It was the brilliant and often unerring accuracy of Dave Thomas’ crosses which led to Gordon Lee paying Queens Park Rangers £200,000 for his services on the eve of the 1977/78 season. Thomas replaced the more mercurial Ronnie Goodlass on the Everton wing as Lee formed the side that he hoped would push strongly for League Championship honours at the end of the season. The title never came, but Thomas’ contribution of crosses and assists to the Everton goal tally during his two years at Goodison is almost immeasurable.
Starting out as a sixteen year old, the dashing flanker originally made his name with Burnley, later winning England under-23 honours. Invariably he was sought by bigger clubs, with Everton, Leeds and Manchester United all seeking to acquire him in the early-1970s. Perhaps surprisingly, he joined Queens Park Rangers in October 1972 for £165,000. At Loftus Road he won promotion in 1972/73 and came agonisingly close to winning the League Championship in 1975/76. Don Revie, who had once tried to sign him for Leeds, awarded him the first of his eight England caps against Czechoslovakia in October 1974.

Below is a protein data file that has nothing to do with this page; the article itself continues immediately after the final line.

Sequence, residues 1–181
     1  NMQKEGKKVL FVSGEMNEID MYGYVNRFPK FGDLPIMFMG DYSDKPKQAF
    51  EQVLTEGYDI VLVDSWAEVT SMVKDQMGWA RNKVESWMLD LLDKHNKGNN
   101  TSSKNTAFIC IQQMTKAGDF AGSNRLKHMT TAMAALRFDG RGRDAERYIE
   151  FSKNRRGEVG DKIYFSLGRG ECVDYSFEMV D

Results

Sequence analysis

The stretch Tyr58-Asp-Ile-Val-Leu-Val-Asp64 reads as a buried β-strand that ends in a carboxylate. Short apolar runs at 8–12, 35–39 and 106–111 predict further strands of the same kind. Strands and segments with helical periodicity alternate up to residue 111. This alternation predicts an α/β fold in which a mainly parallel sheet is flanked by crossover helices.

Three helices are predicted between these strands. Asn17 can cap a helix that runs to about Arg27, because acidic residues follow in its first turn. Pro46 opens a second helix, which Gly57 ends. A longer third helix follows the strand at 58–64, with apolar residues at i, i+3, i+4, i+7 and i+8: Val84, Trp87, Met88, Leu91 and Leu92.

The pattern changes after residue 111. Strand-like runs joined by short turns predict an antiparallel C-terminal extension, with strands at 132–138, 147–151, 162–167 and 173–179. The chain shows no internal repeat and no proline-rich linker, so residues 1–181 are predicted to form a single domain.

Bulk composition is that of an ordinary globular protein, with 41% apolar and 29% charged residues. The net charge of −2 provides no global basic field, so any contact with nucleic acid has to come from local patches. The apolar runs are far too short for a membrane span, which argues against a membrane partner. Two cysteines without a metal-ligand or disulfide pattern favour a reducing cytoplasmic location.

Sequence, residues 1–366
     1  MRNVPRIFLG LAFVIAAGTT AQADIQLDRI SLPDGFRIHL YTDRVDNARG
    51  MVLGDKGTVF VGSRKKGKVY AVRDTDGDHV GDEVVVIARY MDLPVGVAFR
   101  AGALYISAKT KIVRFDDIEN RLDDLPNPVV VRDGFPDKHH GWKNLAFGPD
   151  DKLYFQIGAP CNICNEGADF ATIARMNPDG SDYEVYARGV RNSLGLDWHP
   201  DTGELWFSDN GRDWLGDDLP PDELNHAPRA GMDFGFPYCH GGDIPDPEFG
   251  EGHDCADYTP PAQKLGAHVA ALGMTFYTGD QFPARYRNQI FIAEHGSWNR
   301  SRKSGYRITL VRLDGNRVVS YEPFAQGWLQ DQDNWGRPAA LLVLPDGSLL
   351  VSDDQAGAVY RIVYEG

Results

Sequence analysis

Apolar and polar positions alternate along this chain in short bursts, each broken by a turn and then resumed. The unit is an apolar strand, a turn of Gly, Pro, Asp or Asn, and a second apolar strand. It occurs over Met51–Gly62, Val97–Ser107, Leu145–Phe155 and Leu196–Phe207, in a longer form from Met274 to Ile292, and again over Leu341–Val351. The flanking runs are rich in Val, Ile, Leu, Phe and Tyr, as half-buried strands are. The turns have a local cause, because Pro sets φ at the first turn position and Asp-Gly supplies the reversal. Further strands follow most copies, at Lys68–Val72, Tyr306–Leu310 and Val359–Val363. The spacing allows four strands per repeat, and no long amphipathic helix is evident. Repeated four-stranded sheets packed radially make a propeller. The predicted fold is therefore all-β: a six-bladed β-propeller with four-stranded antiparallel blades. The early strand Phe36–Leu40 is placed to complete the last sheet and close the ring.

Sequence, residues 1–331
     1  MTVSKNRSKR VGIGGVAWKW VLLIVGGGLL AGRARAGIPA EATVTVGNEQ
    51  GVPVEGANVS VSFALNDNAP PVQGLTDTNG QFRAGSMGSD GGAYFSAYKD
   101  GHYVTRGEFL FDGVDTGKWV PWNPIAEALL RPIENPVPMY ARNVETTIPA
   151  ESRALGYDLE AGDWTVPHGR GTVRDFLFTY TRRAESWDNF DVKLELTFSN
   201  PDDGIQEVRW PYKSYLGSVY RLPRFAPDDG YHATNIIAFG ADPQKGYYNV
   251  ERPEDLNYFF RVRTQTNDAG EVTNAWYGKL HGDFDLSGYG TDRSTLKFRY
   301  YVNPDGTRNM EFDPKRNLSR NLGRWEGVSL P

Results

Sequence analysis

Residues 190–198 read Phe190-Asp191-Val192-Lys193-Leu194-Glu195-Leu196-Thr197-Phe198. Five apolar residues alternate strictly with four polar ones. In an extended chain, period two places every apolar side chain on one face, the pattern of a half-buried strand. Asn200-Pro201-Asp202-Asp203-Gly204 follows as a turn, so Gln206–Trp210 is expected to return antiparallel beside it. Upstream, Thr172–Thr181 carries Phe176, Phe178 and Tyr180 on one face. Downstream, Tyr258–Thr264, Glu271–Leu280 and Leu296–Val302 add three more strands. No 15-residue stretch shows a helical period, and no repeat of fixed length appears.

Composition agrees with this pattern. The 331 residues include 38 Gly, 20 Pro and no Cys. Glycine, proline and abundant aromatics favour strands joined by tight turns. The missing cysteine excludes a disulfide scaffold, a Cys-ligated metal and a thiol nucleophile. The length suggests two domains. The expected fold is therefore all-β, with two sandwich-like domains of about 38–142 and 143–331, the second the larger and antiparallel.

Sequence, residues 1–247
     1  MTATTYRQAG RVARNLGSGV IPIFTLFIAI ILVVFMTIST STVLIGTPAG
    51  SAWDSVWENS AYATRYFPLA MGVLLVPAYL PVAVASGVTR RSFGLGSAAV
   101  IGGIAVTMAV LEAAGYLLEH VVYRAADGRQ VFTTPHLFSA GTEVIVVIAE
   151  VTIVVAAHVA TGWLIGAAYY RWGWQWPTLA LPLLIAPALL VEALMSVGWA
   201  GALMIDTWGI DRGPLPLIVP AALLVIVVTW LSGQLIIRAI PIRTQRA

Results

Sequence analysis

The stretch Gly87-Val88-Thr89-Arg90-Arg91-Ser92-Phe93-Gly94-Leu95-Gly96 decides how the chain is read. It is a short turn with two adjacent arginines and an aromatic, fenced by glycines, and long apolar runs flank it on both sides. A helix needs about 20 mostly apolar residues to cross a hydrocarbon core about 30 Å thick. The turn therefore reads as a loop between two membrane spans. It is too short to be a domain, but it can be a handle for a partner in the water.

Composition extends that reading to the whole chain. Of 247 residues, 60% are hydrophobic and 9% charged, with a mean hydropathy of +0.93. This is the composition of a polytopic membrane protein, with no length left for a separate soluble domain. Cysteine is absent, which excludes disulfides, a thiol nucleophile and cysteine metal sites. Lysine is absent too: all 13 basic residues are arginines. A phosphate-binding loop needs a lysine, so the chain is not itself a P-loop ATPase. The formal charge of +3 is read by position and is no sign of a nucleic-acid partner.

It was with Bob Latchford in mind that Gordon Lee made Thomas an Everton player. With his socks rolled around his ankles and without shin pads – a brave habit in an era of defensive hatchet men – Thomas cut a slight figure, but was nevertheless a formidable addition to the Everton team. Quick and skilful, he dodged a path down the Everton flank, lulling his opponents into challenges and, with a flick of his boot, skipping around them with the ball to deliver cross after cross. He was a teasing presence, lithe and brilliant. But it was his end product that brought him such great renown, for his crosses were supremely accurate. With him in the side, Latchford thrived, scoring 30 goals in Thomas’s debut season – many of which originated from the winger’s left boot.
Despite Latchford’s goals during the 1977/78 season, Everton fell short of the League Championship, finishing third. In 1978/79 they finished fourth, but were knocked out of the early stages of both the domestic cup competitions and the UEFA Cup. Still firmly in Liverpool’s shadow, the pressure was on Lee to bring success, and, as he sought to raise funds and refashion his team, Thomas, was a surprising departure – sold to Wolves in October 1979 for £420,000. That season, without such a regular supply from the Everton flanks, the strike force of Latchford and Brian Kidd could muster only sixteen goals between them. Indeed Latchford never hit such lofty heights again.
After only a short spell at Molineux, Thomas played out his career with Middlesbrough and Portsmouth via a spell in the NASL with Vancouver Whitecaps. Subsequently he left football and worked as a PE teacher in Sussex.